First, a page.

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Posts Tagged ‘Mountain Spray’

There are many plants that just give me the feeling that they have been in gardens for a long time. Plants which are some how familiar when you first see them but you can not think of what it is in that moment. One such plant for me is Kerria japonica (Kerria) which seems sold but was so new to me. Kerria is closely related to the Raspberries (Rubus) on my youth and the stems and flowers are similar.

Kerria japonica 'Pleniflora', the double form is most commonly in gardens.

Kerria japonica 'Pleniflora', the double form is most commonly in gardens.

Kerria japonica was a confused plant when it was introduced by Carl Peter Thunberg in 1776 and was mis-classified as being a member of the Tilaceae (Linden) family. This happened because the sample which was sent back by him not being complete, the specimen was also the double form ‘Pleniflora’ (Yae Yamabuki). On top of the naming problem was the fact that the plant does not come from Japan originally but was brought in from China as an ornamental shrub for gardens in ancient times. In Japan the single flowered Yamabuki (Mountain Spray) has naturalized and become part of the culture as seen in paintings, poetry and other forms of writing. We know that Yamabuki has been in Japan a very long time as the 11th century novel ‘The Tale of Genji’  mentions the plant numerous times.

The more common Kerria japonica 'Pleniflora' on the upper right and on the lower left is the single type.

The more common Kerria japonica 'Pleniflora' on the upper right and on the lower left is the single type.

It was William Kerr who in 1804 sent a living specimen of the single flowered plant back to the Royal Botanical Garden at Kew in England It was there that Kerria japonica  became recognized as being a seperate member of the Rosaceae family. For this reason the plant is now named Kerria to commemorate Kerr.

This unusual double flowered form of Kerria japonica 'Pleniflora' is found at Esquimalt Gorge Park.

This unusual double-flowered form of Kerria japonica 'Pleniflora' is found at Esquimalt Gorge Park.

William Kerr (1779-1814) was a gardener who was born in Hawick on the Scottish Borders and came to garden at Kew. There he was noticed by Sir Joseph Banks who was in charge of sending collectors and explorers throughout the world to bring back plant, animal and geological specimens to be studied and be classified in England. Banks instructed Kerr and then dispatched him to China in 1803 where he was posted at Guangzhou for 8 years. While Kerr was not allowed to travel in China he sent many important plants back from his location which was a port not far from Macao. During the time that he was posted in China it is believed that he became an opium addict and by the time he was re-posted to Colombo, Ceylon(Sri Lanka) in 1812 he was quite ill. In Columbo he was the supervisor of the gardens as Slave Island and at King House.  Kerr is considered to be the first professional of plant hunters which have changed gardening as we know it today.

Kerria japonica 'Variegata' (Picta') has single flowers and  green leaves which are delicately edged in cream. This plant can been seen at Finnerty Gardens.

Kerria japonica 'Variegata' (Picta') has single flowers and green leaves which are delicately edged in cream. This plant can been seen at Finnerty Gardens.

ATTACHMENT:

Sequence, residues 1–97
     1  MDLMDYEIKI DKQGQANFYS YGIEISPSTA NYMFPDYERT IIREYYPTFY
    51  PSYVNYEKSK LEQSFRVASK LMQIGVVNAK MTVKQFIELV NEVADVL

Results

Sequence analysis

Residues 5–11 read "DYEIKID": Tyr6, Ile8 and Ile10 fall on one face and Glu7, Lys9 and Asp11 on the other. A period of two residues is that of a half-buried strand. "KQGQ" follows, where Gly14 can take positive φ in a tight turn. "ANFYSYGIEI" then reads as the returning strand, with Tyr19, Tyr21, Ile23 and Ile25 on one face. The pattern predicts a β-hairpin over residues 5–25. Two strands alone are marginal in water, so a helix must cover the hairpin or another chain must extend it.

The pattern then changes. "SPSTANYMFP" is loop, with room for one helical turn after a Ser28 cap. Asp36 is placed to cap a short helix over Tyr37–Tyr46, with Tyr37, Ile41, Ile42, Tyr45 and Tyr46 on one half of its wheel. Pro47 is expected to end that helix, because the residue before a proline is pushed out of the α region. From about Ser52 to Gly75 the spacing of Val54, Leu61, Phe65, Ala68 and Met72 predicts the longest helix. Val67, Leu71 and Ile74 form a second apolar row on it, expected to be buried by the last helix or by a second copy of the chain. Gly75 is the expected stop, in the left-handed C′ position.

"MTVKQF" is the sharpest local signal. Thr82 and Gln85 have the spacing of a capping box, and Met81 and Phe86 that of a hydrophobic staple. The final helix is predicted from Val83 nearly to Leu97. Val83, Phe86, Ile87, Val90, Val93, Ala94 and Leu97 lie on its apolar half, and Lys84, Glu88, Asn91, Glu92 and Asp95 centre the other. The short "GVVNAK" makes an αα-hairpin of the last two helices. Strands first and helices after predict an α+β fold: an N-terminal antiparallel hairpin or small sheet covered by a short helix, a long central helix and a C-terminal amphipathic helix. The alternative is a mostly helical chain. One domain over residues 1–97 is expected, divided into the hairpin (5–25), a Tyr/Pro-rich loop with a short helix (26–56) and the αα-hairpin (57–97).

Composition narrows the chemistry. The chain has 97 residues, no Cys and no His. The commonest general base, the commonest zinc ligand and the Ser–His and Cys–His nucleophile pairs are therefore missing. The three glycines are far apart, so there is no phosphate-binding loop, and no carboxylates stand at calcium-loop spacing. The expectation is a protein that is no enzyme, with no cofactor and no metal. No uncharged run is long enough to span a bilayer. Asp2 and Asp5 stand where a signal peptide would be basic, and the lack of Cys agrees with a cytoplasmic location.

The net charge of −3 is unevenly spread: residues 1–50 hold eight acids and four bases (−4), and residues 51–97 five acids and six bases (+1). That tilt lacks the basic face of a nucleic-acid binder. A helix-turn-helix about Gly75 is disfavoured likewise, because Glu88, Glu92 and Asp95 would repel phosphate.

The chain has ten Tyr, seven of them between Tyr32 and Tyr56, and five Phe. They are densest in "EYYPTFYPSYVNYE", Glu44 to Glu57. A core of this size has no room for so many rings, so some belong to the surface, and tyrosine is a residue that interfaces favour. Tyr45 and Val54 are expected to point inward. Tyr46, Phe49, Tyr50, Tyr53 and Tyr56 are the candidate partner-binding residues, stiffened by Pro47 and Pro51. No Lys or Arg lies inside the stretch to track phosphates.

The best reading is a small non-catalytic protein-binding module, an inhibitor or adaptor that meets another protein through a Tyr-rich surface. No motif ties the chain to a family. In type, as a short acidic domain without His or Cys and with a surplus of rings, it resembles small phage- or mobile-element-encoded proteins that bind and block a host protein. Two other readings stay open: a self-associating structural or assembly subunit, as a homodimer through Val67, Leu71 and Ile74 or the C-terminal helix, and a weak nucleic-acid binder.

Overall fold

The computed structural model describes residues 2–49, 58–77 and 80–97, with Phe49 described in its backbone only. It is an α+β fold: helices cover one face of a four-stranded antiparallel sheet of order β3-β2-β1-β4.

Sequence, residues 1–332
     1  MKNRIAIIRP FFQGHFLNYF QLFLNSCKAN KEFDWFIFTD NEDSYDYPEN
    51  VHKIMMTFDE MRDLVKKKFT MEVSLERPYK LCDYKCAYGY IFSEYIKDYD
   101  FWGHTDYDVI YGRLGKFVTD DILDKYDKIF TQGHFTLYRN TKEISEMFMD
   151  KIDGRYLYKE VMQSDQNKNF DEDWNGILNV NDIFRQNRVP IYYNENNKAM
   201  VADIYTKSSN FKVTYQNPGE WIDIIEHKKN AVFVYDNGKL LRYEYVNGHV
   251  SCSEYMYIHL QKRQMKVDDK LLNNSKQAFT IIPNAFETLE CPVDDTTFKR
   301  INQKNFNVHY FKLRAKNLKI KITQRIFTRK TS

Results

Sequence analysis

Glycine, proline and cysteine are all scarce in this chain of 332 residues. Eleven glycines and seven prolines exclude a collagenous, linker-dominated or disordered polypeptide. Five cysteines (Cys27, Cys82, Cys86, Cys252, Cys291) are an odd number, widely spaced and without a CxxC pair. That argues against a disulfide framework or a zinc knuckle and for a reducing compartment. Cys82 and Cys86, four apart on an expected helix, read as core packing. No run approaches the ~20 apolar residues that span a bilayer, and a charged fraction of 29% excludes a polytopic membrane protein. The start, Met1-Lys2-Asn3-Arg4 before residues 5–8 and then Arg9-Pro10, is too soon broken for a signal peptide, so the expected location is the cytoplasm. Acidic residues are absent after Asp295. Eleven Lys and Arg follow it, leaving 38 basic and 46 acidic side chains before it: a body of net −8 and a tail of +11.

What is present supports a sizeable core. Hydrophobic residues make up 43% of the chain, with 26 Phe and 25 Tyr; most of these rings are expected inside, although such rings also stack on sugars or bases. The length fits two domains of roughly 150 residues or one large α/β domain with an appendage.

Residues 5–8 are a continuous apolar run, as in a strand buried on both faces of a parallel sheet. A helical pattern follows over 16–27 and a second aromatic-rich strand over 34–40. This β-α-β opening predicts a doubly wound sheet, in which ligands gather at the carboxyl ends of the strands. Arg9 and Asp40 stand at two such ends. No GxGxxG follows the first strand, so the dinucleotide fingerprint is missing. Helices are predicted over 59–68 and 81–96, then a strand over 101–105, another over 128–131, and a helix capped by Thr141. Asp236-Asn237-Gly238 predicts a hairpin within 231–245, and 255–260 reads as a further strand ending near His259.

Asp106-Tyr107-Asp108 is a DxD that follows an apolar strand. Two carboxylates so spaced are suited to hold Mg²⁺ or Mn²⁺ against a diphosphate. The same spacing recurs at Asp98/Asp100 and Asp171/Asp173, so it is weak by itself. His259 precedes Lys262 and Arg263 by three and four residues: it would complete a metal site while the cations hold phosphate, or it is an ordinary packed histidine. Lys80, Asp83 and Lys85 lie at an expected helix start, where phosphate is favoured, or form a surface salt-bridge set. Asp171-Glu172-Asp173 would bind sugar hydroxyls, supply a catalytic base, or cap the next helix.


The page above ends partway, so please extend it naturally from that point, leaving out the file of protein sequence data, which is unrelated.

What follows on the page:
Kerria japonica is interesting in that the most vigorous form is ‘Pleniflora’ which grows into impressive multi-stemmed clumps. Another thing that stands out for this plant is the beauty of them during the period when they are without leaves, what I am referring to is the bright green stems they have and how they almost glow in the gloomy winter and earliest spring period.

The bright green stems of Kerria japonica put on a show during the drab winter months here.

The bright green stems of Kerria japonica put on a show during the drab winter months here.

Kerria is an easy plant to grow and is easily placed in most gardens. Kerria japonica like filtered sun as its blooms will completely wash out in too much sun. The best locations are under deciduous trees. The like any soil which has average moisture content and will tolerate a drier location when it is established. As you see these plants can become dense clumps, fortunately they are easily pruned after flowers. cut stems by 1/3 to 1/2 or remove them from the base as you would for Rubus(Raspberry) which they are closely related to.

This single flowered Kerria japonica is seen amoungst the mixed perennial and shrub border at Government House.

This single flowered Kerria japonica is seen amongst the mixed perennial and shrub border at Government House.

 Kerria japonica grow from .9 to 1.8 m (3-6 ft.) tall and about as wide, it has strongly ascending branches. It tolerated temperature down to -15 c. (5 f.) and still bloom very well. Give this plant protection from cold winter winds and late frost pockets as this can damage the flower production and makes them smaller and less in quantity.  the plant can be used in many ways, as an informal border, mass planted in mixed deciduous borders and for early spring interest. With the right placement it is a specimen or more usually an accent plant. The Victorian feeling this plant gives off makes this plant an excellent inclusion in heritage and period themed gardens.

Check these links to learn more:

U.B.C. botanical plant of the day: http://www.botanicalgarden.ubc.ca/potd/2011/02/kerria_japonica_pleniflora.php

the ‘In Bloom article from the Japan Times: http://search.japantimes.co.jp/cgi-bin/fe20080402li.html

William Kerr, an important plant hunter: http://en.wikipedia.org/wiki/William_Kerr_(gardener)

………Hope to see you on this path soon………..

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